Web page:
Some thoughts on Open Ended Game Design, Part 2

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Archdukechocula's picture
Joined: 2008-02-24
Some thoughts on Open Ended Game Design, Part 2

Now, talking about open ended game design sounds all nice and simple, but it raises a variety of problems. The three problems as I see it are Grief Play, Economics, and NPCs.

Grief play is in some ways the easiest, and in some ways the most difficult of the problems. It is easy because the problem is obvious. Some people are assholes. The difficulty is deciding on how to manage such assholes. Now, the simplest solution is simply to deny them the opportunity. Unfortunately, I think that is also the worst solution. The reason I oppose such a solution is because, the essence of a good fantasy setting is conflict. Good versus Evil, Law Versus Chaos, Nihlism versus Creationism, these are ideas that are grounded in the conflict of ideas, and any good conflict needs a little violence to spice things up. Take that out of the game, and you get rid of true heroes and true villians. What is heroism without risk and sacrafice? What is villiany without treachery? In a world where conflict is regulated and directed by Realms or Instances or Combat Zones, there is no real risk, no real relevance to a battle, and ultimately the world never will change or evolve.

But if we allow players to cheat, steal and kill, what is to prevent the world from being overrun with grief players? In my opinion, the best way to deal with this is to give the players themselves the tools to limit grief play. This means give them the ability to track down criminals, the tools to imprison them, the means to succesfully corner and kill them.

In Ultima Online, the number one problem that made PKing so ubiquitous was the fact that it was so incredibly easy to do it, and get away without threat of retalliation. Two things made this so. First, and most dangerously, was the fact that players could essntially teleport at will half way across the world. This made cornering and killing PKs virtually impossible, since they relied exclusively on hit and run tactics. You could organize a party to hunt them, but even if you found them, they could instantly port away to safety. I think this was a huge flaw in the game (as was teleporting as a means of transportation in general), and is something I think should be avoided at all costs. If you implement equivalent D&D spells, I think they need to be severely restricted, otherwise PKing will run rampant.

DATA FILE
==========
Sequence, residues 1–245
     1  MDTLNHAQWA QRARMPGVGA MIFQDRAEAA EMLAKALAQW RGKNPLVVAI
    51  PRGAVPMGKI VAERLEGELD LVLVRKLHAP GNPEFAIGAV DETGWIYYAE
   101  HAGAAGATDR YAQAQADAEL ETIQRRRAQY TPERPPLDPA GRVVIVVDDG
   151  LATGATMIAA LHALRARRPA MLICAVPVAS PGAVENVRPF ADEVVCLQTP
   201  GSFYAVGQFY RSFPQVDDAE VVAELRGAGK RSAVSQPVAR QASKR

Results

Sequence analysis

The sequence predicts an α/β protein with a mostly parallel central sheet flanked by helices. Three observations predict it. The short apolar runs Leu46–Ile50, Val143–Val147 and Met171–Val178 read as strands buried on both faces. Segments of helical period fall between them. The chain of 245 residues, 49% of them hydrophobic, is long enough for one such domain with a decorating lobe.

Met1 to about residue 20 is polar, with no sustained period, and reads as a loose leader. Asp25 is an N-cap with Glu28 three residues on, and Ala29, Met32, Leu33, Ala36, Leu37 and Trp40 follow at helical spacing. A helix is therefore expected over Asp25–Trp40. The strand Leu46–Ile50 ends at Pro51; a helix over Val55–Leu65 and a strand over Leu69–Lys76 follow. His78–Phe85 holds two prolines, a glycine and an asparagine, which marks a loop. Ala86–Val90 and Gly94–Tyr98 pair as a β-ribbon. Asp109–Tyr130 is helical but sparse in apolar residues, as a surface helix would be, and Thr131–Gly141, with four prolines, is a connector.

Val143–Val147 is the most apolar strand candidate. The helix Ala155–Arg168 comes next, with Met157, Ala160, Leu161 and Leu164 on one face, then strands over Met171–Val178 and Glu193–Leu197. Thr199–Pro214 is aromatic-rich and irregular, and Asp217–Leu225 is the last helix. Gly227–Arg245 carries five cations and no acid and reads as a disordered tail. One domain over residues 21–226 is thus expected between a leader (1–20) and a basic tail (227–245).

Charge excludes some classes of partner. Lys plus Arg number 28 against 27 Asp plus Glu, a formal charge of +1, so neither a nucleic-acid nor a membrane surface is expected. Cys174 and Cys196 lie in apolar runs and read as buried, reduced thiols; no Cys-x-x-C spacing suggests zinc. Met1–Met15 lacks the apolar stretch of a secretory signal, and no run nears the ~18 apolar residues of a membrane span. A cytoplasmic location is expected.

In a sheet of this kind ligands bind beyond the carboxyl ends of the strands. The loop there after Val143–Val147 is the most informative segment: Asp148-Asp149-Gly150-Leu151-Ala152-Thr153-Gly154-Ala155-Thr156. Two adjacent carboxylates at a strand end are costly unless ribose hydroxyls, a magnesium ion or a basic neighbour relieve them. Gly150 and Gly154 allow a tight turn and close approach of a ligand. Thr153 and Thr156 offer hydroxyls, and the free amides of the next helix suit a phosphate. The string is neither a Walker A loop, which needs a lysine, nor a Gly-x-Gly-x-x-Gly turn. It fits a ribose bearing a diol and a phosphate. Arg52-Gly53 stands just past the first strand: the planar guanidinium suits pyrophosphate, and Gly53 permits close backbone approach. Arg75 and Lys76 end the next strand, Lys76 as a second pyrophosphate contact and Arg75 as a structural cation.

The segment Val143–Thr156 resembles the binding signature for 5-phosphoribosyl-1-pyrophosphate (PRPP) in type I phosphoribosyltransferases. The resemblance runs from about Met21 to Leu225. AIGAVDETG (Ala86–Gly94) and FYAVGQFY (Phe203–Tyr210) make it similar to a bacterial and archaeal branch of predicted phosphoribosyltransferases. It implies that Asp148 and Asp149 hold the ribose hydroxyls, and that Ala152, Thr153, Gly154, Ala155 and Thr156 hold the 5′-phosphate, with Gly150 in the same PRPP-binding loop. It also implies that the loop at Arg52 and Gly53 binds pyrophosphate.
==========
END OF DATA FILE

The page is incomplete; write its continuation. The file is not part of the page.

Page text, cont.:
One way to do this is requiring expensive material components. If someone wants to gate around, make them pay for it. If you want to run away, fine, but it will cost you a 5K gp gem. This will call into question the economics of PKing, and will require either a legitimate roleplaying desire, or serious risk.

The second way to do this is to create tools for tracking and cornering players. A set of spells and skills, such as tracking or various divination spells, should give the player the ability to locate and trap any player. Maybe they require "forensic evidence" like hair, which can act as a material component in a spell. Maybe the player simply needs enough information to describe the player when casting the spell. However it is done mechanically, I think it is important to create a system that essentially recognizes the need for law enforcement, and gives players the tools to do it.

The benefit of doing things this way is that you get to keep your villians! Nothing ruined UO more for me than hte loss of its villians. Eventually, the villianous side of the game became unplayable to roleplayers because the restrictions were simply too harsh for any normal roleplayer to deal with. This limited the roleplaying aspects of the game severely. The notorious thief and assassin Lerus couldn't realy steal or kill anymore. This just made the game less about roleplaying, and more about its unappealing hack and slash elements. If it is up to me, I would choose the former over the later any day, even if it means tolerating the occasional idiot.

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